Biology: Fungus

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sdelacruz
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21987
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Biology: Fungus
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2010-06-04 19:10:46
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Biology Fungus
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Biology: Fungus
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  1. Fungi

    General Information
    • most multi-nucleated
    • can be unicellular (best example of unicellular: yeasts)
    • heterotrophic by absorption (animals are heterotrophic by ingestion) -- external digestion
    • Most fungi are saprotrophic decomposers feeding on waste products and dead remains of plants and animals
    • Some are parasitic towards plants and animals
    • Examples of fungi causing human diseases: athletes foot, ringworm, and yeast infections
    • Several types of fungi have mutualistic relationships with the roots of seed plants
    • -Fungi acquire inorganic nutrients for plants, and in return plants give them organic nutrients.
    • Can reproduce sexually or asexually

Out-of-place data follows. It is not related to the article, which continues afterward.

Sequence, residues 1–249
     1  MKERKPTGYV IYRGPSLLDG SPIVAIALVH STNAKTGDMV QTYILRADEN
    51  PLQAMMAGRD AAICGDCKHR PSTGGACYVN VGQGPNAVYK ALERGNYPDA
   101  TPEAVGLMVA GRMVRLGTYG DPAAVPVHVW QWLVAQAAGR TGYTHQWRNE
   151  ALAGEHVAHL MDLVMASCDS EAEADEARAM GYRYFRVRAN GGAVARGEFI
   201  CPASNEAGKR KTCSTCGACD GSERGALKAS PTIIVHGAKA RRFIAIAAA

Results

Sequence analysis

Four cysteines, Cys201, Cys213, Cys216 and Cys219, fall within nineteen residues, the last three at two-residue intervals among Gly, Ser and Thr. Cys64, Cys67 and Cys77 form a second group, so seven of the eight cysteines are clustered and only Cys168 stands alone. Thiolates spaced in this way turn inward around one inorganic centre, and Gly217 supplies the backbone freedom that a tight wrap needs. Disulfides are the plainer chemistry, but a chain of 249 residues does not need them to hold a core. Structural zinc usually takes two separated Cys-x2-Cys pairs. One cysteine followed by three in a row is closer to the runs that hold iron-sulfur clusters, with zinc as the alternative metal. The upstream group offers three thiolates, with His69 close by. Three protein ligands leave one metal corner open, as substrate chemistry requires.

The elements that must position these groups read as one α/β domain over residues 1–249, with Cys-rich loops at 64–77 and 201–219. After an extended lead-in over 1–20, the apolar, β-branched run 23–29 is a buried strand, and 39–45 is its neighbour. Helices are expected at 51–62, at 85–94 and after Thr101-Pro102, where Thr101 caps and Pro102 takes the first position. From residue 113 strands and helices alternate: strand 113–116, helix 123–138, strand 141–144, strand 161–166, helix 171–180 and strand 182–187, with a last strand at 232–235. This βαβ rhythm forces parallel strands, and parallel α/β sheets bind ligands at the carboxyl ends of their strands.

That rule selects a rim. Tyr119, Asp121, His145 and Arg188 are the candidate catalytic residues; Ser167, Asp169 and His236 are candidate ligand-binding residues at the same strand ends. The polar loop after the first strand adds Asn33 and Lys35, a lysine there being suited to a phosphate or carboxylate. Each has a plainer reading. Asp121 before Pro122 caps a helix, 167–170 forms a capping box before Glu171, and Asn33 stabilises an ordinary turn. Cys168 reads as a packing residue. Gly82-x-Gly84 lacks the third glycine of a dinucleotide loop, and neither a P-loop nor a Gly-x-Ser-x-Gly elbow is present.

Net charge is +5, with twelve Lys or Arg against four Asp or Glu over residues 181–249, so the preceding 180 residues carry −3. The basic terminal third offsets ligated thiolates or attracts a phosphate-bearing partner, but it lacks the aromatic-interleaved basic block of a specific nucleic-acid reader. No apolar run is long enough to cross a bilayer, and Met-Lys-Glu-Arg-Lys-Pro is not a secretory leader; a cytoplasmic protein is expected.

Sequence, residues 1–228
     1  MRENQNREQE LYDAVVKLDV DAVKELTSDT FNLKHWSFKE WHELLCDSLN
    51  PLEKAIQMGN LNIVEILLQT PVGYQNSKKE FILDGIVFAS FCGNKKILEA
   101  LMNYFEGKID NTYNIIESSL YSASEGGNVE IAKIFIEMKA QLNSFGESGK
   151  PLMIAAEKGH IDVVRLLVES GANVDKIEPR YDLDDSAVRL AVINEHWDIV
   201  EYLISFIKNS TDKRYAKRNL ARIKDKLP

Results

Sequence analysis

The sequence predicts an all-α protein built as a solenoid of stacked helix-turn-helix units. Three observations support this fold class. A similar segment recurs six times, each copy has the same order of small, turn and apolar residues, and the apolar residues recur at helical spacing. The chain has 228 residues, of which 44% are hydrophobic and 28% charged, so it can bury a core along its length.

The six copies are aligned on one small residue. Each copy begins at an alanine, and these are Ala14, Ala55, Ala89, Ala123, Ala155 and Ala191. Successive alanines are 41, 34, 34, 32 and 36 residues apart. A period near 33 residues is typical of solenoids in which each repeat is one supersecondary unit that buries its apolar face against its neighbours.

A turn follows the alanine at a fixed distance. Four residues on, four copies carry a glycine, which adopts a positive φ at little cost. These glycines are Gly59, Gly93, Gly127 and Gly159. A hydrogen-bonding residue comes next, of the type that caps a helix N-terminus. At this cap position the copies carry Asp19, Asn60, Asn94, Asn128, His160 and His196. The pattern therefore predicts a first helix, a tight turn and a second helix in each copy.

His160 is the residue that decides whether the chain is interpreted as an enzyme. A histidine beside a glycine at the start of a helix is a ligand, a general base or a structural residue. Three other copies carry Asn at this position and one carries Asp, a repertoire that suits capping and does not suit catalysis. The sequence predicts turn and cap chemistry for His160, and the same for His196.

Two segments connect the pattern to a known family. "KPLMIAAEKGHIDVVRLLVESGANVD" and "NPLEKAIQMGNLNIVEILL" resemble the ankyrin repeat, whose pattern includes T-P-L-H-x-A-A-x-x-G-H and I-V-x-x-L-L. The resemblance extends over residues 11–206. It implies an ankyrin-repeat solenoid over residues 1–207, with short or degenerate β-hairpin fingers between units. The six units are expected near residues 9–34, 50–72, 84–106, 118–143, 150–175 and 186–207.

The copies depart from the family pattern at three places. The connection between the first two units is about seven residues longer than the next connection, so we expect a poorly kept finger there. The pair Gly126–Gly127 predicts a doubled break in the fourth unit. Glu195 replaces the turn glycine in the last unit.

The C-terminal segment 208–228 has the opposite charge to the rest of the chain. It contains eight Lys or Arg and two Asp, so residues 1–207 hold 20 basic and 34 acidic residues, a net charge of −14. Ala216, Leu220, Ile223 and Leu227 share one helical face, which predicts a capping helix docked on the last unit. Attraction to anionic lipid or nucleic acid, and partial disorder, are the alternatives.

2. Structure of Fungi
    • non-motile body of a fungus is a mycelium made up on hyphae
    • hyphae give the mycelium a large surface area per volume of cytoplasm---helps with absorption
    • can have cross walls called septate.
    • Nonseptate fungi are multinucleated.

    • Similarities/Differences between Plants
    • lack chloroplasts
    • cell wall contains chitin,NOT cellulose
    • energy is stored as glycogen, NOT starch
    • fungi are non-motile,
    • lack basal bodies, and do not grow a flagella at any life cycle
    • move towards food by growing towards it
  3. Reproduction of Fungi

    Sexual Reproduction
    • haploid hyphae---dikaryotic stage---- diploid zygote
    • *all by meiosis

    During sexual reproduction, hyphae from two different mating types make contact and fuse. You would expect the nuclei from two mating types to fuse immediately, however in some species, they do not fuse for days, months, and/or years. The nuclei continue to divide in such a way that every cell has one of each nucleus. A hypha that contains paired haploid nuclei is called n+n or dikaryotic. When the nuclei do eventually fuse, the zygote undergoes meiosis prior to spore formation. Fungal spores germinate directly into haploid hyphae without any noticeable embryological development.

    • Asexual reproduction usually involves the production of spores by a single mycelium.
    • Asexual reproduction can also occur by fragmentation--a portion of a mycelium begins a life of its own.

    *Unicellular yeasts reproduce asexually by budding; a small cell forms and gets pinched off as it grows to full size


    *nonmotile spores form during both asexual and sexual reproduction
  4. Fungi is hypothesized to have evolved from ________________.
    Red Algae

    *Both lack flagella in all stages of life cycle.
  5. Phylum Zygomycota: zygospore fungi